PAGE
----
COMMONER The basic change is a conviction that there ought to be democratic decisions that govern what's produced and how it's produced. ... The corporation is a social entity that's been given a definition as a private person, by a Supreme Court decision of the 1900s. And clearly the corporations, the basic economic entities, have to be brought under some kind of democratic control. I'm not in the business of predicting exactly how to do it, but there is one possibility worth mentioning. In some sense, and this is something I learned from Ralph [Nader] when I was at the conference he had on using government purchases as leverage, and it's clear that that could work. So, for example, the U.S. government spends something like $5 billion a year on cars and trucks. There are enormously detailed specifications when they put out requests for bids. Well, [they could make] a new requirement [that] it's got to run on ethanol; or, if it's a good idea, on compressed methane. Pretty quickly these cars would be in the market. That's a really viable technique, but it will take a political change .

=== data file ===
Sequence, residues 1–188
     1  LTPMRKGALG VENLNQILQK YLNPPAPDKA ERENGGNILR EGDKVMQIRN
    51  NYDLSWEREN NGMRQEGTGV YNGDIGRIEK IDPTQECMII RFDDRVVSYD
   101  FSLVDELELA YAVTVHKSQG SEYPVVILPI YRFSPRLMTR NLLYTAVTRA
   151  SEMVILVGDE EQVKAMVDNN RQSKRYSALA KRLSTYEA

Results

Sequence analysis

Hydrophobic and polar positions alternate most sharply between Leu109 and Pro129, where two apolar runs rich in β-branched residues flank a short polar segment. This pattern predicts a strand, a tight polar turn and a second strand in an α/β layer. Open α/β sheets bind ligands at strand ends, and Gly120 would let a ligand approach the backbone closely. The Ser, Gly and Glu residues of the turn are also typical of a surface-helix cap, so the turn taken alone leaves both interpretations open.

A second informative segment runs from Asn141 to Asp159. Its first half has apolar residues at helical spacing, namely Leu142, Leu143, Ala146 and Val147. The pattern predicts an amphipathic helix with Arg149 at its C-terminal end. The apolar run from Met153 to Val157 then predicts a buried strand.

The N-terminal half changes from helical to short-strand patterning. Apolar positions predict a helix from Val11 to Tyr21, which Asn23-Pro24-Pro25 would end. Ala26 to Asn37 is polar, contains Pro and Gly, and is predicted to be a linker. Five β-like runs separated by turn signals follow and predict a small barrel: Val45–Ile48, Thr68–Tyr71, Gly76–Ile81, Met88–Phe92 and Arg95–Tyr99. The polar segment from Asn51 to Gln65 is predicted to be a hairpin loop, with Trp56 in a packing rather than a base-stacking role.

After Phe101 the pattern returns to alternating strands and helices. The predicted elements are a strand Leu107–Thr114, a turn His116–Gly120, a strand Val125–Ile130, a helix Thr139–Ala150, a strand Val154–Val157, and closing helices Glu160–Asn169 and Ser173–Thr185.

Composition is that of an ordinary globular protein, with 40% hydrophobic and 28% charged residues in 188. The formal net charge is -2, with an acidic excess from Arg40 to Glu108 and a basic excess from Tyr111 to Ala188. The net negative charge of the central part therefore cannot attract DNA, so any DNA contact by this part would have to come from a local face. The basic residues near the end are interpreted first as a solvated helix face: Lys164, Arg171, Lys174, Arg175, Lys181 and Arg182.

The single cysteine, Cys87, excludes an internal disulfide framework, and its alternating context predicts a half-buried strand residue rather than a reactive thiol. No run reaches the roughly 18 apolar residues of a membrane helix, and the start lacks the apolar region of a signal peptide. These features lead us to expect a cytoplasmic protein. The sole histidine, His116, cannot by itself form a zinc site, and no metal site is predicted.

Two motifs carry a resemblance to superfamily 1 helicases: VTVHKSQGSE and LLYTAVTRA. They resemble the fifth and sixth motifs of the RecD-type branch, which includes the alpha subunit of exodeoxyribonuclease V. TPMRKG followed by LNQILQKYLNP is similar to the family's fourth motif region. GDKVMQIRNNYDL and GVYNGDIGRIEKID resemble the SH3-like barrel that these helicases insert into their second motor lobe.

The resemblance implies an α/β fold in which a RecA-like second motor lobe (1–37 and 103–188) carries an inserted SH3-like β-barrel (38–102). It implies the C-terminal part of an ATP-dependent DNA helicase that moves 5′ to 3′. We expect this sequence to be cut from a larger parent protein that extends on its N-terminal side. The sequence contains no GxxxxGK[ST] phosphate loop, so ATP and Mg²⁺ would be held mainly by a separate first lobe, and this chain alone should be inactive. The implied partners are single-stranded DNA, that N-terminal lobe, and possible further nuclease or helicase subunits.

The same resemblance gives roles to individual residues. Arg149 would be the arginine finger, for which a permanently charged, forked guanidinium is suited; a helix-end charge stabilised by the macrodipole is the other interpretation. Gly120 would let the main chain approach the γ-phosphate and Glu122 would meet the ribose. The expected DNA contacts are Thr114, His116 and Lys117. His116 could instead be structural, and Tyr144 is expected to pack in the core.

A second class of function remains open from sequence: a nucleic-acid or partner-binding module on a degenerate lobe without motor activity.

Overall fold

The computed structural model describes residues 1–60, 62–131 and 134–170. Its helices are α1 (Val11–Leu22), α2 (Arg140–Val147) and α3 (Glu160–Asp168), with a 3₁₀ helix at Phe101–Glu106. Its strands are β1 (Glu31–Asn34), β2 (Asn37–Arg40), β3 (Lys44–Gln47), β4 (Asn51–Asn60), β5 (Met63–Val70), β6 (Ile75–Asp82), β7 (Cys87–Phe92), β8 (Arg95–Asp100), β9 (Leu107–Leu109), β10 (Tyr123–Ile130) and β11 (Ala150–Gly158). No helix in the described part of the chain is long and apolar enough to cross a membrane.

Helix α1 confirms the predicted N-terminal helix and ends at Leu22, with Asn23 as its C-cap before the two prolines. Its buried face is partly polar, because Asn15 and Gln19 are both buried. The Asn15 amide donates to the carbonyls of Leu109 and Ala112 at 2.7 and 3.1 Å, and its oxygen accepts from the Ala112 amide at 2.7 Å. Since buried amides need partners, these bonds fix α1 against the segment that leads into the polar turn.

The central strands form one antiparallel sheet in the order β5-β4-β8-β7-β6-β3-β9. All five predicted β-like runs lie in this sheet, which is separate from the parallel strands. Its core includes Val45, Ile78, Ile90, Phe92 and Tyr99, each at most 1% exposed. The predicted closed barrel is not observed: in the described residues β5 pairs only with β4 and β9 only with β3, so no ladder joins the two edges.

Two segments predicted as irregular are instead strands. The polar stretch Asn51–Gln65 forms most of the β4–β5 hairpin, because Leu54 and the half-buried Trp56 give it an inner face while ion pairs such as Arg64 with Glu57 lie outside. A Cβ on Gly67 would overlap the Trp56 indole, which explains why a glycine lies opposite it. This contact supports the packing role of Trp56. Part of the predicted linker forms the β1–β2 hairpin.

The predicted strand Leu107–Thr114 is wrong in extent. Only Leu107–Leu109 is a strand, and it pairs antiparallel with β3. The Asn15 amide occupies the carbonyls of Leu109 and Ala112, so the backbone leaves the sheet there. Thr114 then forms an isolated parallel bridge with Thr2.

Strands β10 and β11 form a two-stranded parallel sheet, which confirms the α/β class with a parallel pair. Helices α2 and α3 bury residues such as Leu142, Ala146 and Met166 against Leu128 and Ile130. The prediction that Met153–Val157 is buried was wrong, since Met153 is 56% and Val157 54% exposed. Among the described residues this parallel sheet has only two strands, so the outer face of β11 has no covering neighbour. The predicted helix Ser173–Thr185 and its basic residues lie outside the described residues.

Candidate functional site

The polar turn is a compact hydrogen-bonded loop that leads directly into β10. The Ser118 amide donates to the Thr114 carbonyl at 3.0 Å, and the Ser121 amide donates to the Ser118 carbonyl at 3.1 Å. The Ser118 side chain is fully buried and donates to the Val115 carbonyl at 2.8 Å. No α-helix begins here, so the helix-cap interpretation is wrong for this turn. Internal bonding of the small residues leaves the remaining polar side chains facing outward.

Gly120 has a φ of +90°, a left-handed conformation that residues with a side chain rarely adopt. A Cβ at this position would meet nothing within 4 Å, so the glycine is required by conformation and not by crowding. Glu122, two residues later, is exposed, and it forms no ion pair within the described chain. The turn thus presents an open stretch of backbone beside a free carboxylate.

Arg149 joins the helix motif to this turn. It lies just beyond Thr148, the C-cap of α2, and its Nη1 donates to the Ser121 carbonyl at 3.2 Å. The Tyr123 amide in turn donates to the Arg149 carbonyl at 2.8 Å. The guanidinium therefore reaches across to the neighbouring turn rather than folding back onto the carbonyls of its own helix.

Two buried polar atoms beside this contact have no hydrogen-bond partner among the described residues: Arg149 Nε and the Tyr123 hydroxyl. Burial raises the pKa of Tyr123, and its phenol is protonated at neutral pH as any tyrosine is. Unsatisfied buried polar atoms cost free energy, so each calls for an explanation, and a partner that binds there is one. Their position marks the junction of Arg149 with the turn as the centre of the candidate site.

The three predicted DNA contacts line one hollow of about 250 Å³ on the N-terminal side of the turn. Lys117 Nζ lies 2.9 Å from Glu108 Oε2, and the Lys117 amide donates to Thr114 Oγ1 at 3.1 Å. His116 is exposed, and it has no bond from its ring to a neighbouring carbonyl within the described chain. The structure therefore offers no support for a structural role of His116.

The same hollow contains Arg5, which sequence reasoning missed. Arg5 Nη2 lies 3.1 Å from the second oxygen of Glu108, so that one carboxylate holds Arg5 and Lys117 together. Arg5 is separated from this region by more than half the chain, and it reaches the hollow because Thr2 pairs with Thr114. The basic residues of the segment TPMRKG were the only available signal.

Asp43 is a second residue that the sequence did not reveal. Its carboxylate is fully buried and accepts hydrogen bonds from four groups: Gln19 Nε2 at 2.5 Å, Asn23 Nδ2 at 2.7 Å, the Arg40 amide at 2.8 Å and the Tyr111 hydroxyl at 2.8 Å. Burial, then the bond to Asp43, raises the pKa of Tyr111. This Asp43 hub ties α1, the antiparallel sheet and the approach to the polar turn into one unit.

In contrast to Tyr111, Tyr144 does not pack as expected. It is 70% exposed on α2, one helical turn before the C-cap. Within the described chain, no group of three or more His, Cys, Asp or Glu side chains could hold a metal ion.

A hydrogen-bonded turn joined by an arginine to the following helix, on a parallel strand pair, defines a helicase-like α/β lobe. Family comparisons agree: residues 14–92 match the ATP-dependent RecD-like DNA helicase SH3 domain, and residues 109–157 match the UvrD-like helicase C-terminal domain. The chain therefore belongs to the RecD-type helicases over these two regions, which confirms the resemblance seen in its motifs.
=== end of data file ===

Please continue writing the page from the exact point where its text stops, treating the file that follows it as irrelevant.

MM: What is your view of the environmental lobby in Washington and where they're headed?

COMMONER [T]hey have left the cutting edge of environmentalism, which is no longer in Washington. My understanding is there are 4,000 or more citizens groups, not environmentalists, in different towns all over the country that are engaged in environmental activities. Battling the waste management corporations, battling incinerator companies, battling toxic dumps. And the Washington organizations have washed their hands of that. There is now a grassroots environmental movement. There are now federations: Lois Gibbs' Citizens Clearing-house on Hazardous Waste, John O'Connor has the National Toxic Campaign, there's Greenpeace. They are the organizations that are dealing with the actual environmental issues at the front lines. What the Washington people are doing [was] originally lobbying, writing legislation, litigating. They now realize that it's more efficient to sit down with the corporations and make deals. And, the deals are ones that whoever is running the environmental organization thinks are okay. The trouble is that there are some corporate types running the organizations now.